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Compliance Issues When Choosing a Company’s Name

When forming a corporation or a limited liability company it is important to keep in mind that the name has to comply with corporation and limited liability company statutes.
 

Choosing a Company’s Name

 
A company’s name is one of its most valuable assets.  It can affect its sales, reputation, and even its chance for success.  Therefore, business name selection is one of the most important decisions a business’ owners make. 
 
There are a number of factors to consider, such as whether the name is memorable, unique, easy to spell and pronounce, whether it reflects the right message, and so on.  However, if the owners are forming a statutory business entity – most likely a corporation or LLC – they also have to consider whether the name meets the requirements of the formation state’s corporation or LLC statute.  And if it will be qualifying as a foreign company, the foreign state’s statute is another consideration.
 

Statutory Restrictions on Name Selection

 
Every corporation or LLC is formed under its “legal name”.  This is the name that appears on its articles of incorporation or articles of organization.  In choosing the legal name, remember that a corporation or LLC cannot simply have any name it wants.  There are restrictions imposed by the statute under which it will be formed.  These restrictions deal with three issues – required words, prohibited words, and name availability.
 
Required Words. Most corporation and LLC statutes require the name set forth in the formation document to contain a specific word, phrase, or abbreviation indicating the type of entity it will be.  For example, a corporation statute may require the name of a corporation to contain the word “corporation”, “incorporated”, or “company”, or an abbreviation of one of those words.
 
Prohibited Words. Many statutes prohibit the use of certain words or phrases in legal names.  Mainly this is to prevent the public from being misled as to the type of business entity it is dealing with.  Therefore, for example, an LLC may be prohibited from using the word “corporation” in its name and a corporation may be unable to use a name containing a word such as “bank” unless it is in the banking industry. 
 
Name Availability. Most corporation and LLC laws provide that the name must be distinguishable from the names of other domestic or foreign entities appearing in the filing office’s records.  
 

Foreign State Law and Name Selection 

 
A corporation or LLC that transacts business in a state outside of its formation state must qualify to do business in that state and its name will have to meet the same requirements as a domestic company.  If the legal name does not comply - say, for example, because there is another business entity on record with the same name - the company will typically have to qualify and do business under a compliant fictitious name.  
 

How the Availability Requirement Protects Names

 
When a corporation or LLC is formed, its legal name becomes unavailable in the formation state.  No other company can be formed or qualify under that name.  As a result, the state corporation and LLC laws protect the legal names through their name availability requirement.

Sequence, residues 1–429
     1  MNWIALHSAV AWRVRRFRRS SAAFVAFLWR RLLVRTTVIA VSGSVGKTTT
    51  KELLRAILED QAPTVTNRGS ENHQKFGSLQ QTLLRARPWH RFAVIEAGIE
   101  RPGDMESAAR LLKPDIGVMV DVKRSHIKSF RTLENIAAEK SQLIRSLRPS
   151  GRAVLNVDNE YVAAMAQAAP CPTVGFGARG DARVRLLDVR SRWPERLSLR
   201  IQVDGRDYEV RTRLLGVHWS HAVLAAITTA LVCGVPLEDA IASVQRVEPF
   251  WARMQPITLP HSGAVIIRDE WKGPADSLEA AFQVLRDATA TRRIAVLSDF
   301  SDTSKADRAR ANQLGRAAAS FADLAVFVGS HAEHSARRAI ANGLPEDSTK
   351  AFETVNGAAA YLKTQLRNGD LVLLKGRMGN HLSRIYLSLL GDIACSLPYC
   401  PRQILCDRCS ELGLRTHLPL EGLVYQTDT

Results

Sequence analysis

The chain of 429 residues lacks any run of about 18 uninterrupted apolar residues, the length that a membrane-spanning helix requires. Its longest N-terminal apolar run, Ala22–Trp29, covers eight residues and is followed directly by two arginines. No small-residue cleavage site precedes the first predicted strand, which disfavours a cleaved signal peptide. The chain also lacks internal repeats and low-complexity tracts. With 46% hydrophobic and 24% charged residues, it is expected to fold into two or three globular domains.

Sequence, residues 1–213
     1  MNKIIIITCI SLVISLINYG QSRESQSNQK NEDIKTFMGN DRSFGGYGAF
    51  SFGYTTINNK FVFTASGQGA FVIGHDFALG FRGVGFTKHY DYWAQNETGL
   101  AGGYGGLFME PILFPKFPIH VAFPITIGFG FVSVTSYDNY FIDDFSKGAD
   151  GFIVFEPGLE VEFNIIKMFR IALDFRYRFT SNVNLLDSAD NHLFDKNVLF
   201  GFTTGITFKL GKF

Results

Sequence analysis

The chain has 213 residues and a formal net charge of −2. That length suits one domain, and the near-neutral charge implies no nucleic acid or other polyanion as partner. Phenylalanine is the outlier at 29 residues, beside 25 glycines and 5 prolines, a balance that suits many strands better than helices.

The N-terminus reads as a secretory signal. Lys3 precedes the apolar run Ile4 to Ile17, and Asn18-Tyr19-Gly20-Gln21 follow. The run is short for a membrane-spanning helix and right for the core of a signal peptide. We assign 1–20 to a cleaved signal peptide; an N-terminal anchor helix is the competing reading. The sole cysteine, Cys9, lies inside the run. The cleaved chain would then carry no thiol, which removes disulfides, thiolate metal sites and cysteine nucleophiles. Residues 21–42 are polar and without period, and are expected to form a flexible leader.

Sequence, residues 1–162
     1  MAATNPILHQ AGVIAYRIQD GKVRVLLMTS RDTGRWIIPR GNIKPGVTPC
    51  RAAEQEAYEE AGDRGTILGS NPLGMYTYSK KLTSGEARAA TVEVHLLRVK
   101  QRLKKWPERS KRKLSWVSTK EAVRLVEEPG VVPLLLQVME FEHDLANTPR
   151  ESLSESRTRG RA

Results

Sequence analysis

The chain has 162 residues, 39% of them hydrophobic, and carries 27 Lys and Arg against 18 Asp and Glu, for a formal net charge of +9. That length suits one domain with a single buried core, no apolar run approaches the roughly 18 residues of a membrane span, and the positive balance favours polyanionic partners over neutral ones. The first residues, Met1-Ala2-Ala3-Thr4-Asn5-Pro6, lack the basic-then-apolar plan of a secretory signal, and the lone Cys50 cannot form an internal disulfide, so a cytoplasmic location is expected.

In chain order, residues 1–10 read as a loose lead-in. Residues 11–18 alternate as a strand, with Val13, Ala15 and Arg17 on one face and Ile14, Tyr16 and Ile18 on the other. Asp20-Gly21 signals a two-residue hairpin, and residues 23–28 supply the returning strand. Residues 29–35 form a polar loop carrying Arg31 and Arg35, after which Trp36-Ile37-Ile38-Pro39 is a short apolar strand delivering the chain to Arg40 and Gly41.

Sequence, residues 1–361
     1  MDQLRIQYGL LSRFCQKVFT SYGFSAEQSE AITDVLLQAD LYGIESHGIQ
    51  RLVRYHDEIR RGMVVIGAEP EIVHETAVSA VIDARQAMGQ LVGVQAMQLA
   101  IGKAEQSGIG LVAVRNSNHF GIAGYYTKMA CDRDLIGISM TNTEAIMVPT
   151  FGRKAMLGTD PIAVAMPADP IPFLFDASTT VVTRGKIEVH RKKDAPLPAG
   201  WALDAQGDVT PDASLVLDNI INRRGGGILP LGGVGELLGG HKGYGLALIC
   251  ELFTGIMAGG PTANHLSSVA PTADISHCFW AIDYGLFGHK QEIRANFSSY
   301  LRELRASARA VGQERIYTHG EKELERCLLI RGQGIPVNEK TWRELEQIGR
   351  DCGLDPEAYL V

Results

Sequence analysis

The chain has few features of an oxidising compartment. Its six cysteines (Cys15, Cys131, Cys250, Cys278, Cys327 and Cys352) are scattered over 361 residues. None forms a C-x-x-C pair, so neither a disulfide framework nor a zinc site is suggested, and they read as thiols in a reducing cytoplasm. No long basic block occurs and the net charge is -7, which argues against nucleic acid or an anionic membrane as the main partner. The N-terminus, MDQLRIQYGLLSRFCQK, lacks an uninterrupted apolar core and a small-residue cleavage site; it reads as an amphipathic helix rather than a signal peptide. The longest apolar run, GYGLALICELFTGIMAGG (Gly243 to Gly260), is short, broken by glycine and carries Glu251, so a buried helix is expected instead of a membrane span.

Another way they protect names is by allowing companies to file a name reservation before forming or qualifying.  A name reservation gives a company the exclusive rights to a name for a limited period of time.  This is useful, for example, if a company wants to start using its name on marketing materials, signs, etc., before actually filing its formation document. 
 

How Do Names Differ From Trademarks? 

 
Do not confuse a name with a trademark. A trademark is a word, symbol, phrase, or design used to identify a particular manufacturer’s or seller’s products and to distinguish them from the products of others.  A company’s name is not necessarily a trademark.  A trademark identifies a company’s goods or services.  A name identifies the company itself.   However, a name may be a trademark if the company uses it in commerce to identify its products or services.

 

How Do Trademark Laws Affect Name Selection?

 
Trademarks are governed and protected by federal statutes, state statutes, and common law.  These laws impact name selection in two main ways.  First, a company will want to select a name that does not infringe upon someone else’s trademark rights.  
 
CT Observation: A good way to find out if the desired name might infringe on an existing trademark is to consult with a company that performs trademark searches.
 
CT Observation: For information on whether a term may be trademarked, see our Trademark Explorer.
 
Secondly, not all trademarks qualify for protection under the trademark laws.  Therefore, if the company is going to use its name as a trademark it will want to select a name that will qualify for protection.
 

Conclusion

 
What’s in a name?  For a new business a great deal.  The owners will probably spend a great deal of time, money, and effort choosing its legal name. Part of that effort should be knowing what laws govern name selection and complying with those laws.
 
To read more about company names, see:
 
 
For information on naming services, see:
 
 

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